“Democracy…such an un-English word”
Expectations for Peter Gill’s Versailles were quite low due to a number of factors – a five star review from Billington; my reaction to Making Noise Quickly, Gill’s last directorial intervention at the Donmar; the announcement of a running time of 3 hours; and decidedly mixed chatter from friends who had already seen it. And as it often the way with these things, I ended up rather enjoying it. It certainly helped that I was prepared for the extreme steadiness of its pacing and the dip of the second act of this self-directed play.
Set in the aftermath of the First World War, Gill examines and contrasts the impact of the peace process of Versailles on a Europe ravaged by conflict and also on a slice of middle-class English society, notably Kentish families the Rawlinsons and the Chaters. Leonard Rawlinson is a young civil servant involved in the negotiations for the treaty but he is haunted by both his doubts of whether a lasting peace can be achieved through these means and the ghost of his fallen soldier lover Gerald, who just happened to be the son of the neighbouring Chaters.
The play is at its considerable best when it is dealing with the weighty repressed emotion at its heart, not just in the secretly gay lovers but also in the ramifications of the social upheaval of wartime, leaving so many unsure of their place in a society they barely recognise. There’s also a lot of dry debate, dense amounts of detail packed in that stultifies large swathes of the first two parts where one imagines external directorial intervention might have been beneficial. The sharp humour that frequently comes through also jars a little, playing a little too closely to contemporary attitudes.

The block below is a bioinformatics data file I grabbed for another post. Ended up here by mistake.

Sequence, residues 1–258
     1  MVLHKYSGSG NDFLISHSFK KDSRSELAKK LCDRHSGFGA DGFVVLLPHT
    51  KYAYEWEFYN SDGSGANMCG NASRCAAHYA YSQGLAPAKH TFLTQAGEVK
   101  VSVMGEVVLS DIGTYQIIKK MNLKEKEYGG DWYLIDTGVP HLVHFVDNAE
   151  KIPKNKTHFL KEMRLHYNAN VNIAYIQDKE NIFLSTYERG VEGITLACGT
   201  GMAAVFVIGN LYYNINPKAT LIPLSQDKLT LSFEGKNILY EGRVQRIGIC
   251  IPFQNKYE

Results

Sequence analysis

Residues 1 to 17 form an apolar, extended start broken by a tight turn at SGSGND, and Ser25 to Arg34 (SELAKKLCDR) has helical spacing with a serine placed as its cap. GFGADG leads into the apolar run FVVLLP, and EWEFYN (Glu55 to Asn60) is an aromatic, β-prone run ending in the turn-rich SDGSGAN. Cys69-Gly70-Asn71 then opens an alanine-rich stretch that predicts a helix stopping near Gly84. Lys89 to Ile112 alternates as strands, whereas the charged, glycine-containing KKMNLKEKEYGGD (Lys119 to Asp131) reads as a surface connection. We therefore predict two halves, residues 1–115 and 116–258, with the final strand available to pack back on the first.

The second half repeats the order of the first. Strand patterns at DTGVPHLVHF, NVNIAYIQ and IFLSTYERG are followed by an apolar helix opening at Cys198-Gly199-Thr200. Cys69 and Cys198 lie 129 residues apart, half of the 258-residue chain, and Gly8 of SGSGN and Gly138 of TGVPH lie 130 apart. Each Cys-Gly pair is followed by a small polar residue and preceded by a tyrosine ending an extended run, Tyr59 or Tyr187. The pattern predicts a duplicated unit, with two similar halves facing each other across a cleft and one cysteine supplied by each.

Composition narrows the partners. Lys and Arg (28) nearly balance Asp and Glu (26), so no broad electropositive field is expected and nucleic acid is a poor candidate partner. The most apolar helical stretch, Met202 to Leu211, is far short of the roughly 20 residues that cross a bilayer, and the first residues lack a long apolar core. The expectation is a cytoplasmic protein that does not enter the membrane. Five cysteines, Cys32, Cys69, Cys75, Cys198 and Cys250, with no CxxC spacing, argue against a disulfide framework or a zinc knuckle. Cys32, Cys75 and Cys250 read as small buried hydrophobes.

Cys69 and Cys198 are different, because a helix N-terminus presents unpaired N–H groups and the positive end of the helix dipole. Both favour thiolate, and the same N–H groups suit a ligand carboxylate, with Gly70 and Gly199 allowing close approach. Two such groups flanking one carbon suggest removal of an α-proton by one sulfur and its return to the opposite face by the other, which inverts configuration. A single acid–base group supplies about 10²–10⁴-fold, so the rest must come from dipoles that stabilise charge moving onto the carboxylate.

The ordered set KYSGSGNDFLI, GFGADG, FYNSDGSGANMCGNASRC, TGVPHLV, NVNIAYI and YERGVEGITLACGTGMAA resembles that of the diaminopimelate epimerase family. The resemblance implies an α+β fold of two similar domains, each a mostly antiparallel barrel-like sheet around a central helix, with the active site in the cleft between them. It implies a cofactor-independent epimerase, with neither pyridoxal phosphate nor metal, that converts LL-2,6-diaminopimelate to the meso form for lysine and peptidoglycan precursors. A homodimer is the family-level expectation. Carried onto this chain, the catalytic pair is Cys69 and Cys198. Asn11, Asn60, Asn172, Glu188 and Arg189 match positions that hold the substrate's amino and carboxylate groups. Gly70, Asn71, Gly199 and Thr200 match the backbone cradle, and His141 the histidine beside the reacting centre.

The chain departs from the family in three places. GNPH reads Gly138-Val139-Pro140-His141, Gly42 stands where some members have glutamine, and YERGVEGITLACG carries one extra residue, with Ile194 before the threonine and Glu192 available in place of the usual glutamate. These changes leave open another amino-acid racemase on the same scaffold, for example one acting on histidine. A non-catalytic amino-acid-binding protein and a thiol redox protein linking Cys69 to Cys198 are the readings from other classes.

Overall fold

But the exceptional performance level makes it a hot ticket regardless. Francesca Annis and Barbara Flynn are both excellent as the mothers, Annis particularly affecting here; Gwilym Lee’s Leonard is a perfect combination of passionate concern and restrained involvement, the scenes with Tom Hughes’ Gerald building to something near devastating; and there’s good work from Helen Bradbury and Tamla Kari as the younger women in their lives, Adrian Lukis as a neighbour and Christopher Godwin as Gerald’s distraught father.
So a curious mixture all in all to add to the many pieces of theatre paying tribute in this, the centenary of the start of the First World War. Gill’s writing swerves between uneven patches and piercing acuity and one longs to know what choices another director would have made with the text, but there is no doubting the glorious performances he encourages from his cast.